Governments, even in small countries, are vast bureaucracies that manage thousands of activities. The federal government of the United States, for example, runs a vast and complicated healthcare system, levies taxes on individuals and corporations, pays benefits to retirees, runs a large and highly mechanized military, decides whether pipelines can be built and oil exported out of the US, manages a vast payment system for the unemployed, and enforces complex regulations of banks. I could go on endlessly. A smaller government like Argentina’s does about as many things, but on a much smaller scale.
As Posner indicates, large corporations also have extensive bureaucracies, but several differences between public and private bureaucracies work against the relative efficiency of governments. The most basic is that government bureaucracies are just too big to perform most of their activities effectively. Governments undertake too many and too complicated activities to expect effective oversight from presidents, prime ministers, and legislators. Private corporations would also be much less efficient if they grew to the size of large governments, which explains why corporate bureaucracies are far more limited in size, and especially in scope.
Further raising the efficiency of corporate bureaucracies relative to public bureaucracies is that corporations typically face much stronger competition. Corporate competition is from other firms, non-corporate as well as corporate, and from firms that form when a corporation faltered in its efficiency. Also, a badly performing corporation often faces a battle from ”corporate raiders” for control of the corporation. Although such private competition is not always effective in disciplining the corporations who are too bureaucratic to be efficient, many formerly powerful corporations have vanished after they no longer performed well. These include Lehman brothers, A&P Groceries, Wong computers, Bethlehem Steel, and Woolworth.
Government bureaucracies also face some competition, but it is much weaker and less immediate. In democracies, elections occur at regular intervals, but the complexity of governments makes it extremely difficult for voters to judge whether the incumbents are performing well. Profit statements are usually a good guide to corporate performance, but there is nothing comparable for governments. Interested voters can look at a few things to judge, for example, whether government-financed health care is effective, but nothing for government performance is as simple and as inclusive as a balance sheet report on how profitable a corporation is. In addition, powerful special interests often spend considerable resources to insure that voters hear their point of view far more often and more effectively than opposing views.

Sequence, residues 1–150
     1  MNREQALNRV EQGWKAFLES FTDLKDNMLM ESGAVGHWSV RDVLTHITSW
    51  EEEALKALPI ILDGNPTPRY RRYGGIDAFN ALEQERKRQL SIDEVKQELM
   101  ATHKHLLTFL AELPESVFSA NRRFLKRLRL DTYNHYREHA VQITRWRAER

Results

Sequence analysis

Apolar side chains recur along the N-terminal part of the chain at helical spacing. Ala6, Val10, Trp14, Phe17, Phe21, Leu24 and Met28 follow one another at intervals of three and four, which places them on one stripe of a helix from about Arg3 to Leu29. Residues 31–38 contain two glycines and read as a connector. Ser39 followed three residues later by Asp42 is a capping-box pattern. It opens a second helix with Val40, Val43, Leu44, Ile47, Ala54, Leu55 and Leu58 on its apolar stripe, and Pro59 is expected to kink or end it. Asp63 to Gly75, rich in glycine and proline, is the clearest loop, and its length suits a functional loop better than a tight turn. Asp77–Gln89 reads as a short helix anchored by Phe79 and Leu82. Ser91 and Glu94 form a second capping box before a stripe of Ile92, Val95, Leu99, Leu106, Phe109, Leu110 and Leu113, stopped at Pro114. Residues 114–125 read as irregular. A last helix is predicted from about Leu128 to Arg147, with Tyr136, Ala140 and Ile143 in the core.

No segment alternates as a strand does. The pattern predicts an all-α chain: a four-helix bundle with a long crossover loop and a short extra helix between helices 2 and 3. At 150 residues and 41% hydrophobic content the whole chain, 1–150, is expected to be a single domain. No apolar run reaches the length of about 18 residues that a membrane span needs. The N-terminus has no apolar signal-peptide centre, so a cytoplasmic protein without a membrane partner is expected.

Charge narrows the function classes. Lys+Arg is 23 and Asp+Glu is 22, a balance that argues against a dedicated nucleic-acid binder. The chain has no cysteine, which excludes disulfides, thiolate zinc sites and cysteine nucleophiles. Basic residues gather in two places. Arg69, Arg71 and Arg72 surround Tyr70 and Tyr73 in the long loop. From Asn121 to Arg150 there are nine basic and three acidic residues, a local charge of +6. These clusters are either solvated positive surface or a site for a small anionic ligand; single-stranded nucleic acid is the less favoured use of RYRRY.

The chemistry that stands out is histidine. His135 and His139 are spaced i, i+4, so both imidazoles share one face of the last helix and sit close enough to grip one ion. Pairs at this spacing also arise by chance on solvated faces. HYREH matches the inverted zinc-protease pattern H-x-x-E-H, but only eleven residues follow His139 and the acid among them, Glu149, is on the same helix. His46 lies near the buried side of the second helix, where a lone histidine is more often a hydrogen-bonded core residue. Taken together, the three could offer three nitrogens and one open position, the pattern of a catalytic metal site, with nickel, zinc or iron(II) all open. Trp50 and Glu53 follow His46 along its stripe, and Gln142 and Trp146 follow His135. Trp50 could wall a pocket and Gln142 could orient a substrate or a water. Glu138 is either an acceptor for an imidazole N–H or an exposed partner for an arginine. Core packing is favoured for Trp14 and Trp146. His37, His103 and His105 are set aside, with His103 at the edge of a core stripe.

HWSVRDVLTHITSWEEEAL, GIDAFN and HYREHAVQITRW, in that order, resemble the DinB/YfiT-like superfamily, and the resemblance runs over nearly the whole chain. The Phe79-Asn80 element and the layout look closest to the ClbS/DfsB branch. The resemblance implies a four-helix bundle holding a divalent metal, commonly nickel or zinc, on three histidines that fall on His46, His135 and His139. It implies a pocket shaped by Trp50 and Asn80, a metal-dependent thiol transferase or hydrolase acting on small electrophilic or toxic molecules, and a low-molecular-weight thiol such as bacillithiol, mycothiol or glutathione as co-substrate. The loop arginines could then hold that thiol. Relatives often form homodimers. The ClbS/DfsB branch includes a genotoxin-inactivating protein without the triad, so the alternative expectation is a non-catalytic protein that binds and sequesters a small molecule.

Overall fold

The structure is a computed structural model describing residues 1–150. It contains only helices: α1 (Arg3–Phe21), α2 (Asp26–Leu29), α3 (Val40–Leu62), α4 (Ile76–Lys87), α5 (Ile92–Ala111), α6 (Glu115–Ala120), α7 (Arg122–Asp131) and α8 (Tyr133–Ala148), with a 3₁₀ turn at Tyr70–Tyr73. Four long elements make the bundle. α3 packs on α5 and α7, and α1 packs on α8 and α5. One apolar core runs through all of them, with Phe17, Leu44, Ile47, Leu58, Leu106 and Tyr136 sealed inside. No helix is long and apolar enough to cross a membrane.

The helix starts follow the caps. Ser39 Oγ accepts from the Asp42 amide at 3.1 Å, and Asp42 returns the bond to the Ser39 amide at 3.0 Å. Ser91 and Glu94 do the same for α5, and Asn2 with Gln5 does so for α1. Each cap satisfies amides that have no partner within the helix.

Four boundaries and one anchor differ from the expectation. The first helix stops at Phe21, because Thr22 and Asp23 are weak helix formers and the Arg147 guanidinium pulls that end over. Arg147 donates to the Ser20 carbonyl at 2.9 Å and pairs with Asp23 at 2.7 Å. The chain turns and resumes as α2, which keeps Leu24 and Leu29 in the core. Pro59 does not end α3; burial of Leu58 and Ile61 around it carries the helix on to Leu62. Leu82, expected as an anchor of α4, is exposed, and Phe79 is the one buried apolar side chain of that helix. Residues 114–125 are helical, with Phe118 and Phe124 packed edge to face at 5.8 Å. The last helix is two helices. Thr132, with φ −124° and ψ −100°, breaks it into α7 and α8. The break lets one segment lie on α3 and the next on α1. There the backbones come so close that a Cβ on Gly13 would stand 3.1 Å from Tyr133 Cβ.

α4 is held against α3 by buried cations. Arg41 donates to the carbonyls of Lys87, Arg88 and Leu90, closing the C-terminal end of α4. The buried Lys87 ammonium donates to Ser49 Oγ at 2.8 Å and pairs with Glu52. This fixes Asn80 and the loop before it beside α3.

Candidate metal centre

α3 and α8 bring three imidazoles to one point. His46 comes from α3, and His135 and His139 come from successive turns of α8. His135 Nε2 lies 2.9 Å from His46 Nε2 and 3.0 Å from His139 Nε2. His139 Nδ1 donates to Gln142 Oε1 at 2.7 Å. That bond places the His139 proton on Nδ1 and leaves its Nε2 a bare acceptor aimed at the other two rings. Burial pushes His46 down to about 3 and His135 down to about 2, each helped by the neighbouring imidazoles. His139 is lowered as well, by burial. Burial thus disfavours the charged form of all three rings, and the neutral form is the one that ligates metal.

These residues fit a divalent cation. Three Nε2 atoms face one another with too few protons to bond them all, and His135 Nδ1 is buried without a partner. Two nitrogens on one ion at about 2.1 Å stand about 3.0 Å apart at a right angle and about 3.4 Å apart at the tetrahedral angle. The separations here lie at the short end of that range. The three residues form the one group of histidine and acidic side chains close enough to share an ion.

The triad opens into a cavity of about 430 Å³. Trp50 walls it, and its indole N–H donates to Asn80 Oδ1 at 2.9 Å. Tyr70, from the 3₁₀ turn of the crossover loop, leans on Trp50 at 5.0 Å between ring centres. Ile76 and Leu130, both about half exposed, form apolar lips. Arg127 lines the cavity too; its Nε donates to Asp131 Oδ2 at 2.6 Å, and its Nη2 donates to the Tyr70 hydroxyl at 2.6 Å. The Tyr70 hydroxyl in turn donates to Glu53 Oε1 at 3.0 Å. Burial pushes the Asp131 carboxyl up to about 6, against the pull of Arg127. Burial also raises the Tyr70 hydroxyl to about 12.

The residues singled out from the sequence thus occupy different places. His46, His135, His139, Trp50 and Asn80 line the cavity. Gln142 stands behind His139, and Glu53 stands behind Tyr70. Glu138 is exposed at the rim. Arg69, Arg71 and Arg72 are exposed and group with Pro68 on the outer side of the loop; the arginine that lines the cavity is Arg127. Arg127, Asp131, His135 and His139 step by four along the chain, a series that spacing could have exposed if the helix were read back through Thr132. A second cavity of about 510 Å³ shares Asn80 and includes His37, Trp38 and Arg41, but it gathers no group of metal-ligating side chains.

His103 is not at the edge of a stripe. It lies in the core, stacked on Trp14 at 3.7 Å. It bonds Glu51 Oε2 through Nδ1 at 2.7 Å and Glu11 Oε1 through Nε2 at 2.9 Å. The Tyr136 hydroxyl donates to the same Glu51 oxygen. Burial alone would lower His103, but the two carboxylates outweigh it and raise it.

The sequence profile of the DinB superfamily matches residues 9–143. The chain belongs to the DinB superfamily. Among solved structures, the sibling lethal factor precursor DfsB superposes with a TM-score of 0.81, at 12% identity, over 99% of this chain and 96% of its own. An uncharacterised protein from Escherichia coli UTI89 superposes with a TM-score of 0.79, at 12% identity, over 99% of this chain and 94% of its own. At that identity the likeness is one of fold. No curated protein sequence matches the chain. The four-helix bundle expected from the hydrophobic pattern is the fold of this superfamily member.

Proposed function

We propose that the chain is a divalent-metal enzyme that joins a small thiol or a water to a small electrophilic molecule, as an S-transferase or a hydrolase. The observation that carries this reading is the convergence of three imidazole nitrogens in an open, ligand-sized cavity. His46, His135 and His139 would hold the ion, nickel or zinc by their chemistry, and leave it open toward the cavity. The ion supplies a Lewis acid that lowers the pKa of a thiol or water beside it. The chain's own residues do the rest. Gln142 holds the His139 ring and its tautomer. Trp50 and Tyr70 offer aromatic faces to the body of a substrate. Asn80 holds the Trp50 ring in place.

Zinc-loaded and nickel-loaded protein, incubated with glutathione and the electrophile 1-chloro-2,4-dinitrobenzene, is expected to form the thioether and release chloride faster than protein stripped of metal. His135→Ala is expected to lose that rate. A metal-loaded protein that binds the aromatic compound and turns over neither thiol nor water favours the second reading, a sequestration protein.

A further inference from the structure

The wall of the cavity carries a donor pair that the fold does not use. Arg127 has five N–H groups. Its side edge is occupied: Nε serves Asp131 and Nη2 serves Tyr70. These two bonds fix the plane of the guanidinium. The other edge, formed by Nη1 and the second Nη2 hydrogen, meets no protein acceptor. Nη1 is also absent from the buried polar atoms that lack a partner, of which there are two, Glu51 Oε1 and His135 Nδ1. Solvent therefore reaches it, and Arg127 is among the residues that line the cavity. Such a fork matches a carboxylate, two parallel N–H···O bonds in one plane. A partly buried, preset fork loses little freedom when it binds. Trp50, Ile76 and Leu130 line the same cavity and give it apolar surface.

Another difference between corporate and government bureaucracies is that corporations use the price system far more than do governments. For example, government pay scales are much more compressed than are those of corporations. A head of a major government agency, such as the SEC or the EPA, has at least as much responsibility as the heads of major corporate divisions, but government heads earn only a fraction of what corporate heads do. Of course, heads of government agencies often leave after several years to take lucrative private sector positions, but they would do that much less frequently if they were better paid in their government jobs.
Another example is from the immigration authority (USCIS) that allocates visas on a first-come-first-served- basis that often takes weeks and even months. A corporation handling this issue would have a system of fees that would be higher for those who need a quicker decision.
So my answer to the question posed in the title of my discussion of whether government bureaucracies are too big and inefficient is a strong “yes”. Government should do much less so they can concentrate on and do better with the tasks they are most needed for, such as police and military, infrastructure, safety nets, and regulation of activities with big externalities. Regrettably, I am not optimistic that much can be achieved quickly in slimming down governments, given the strong self-interests and special interests that benefit from the present situation.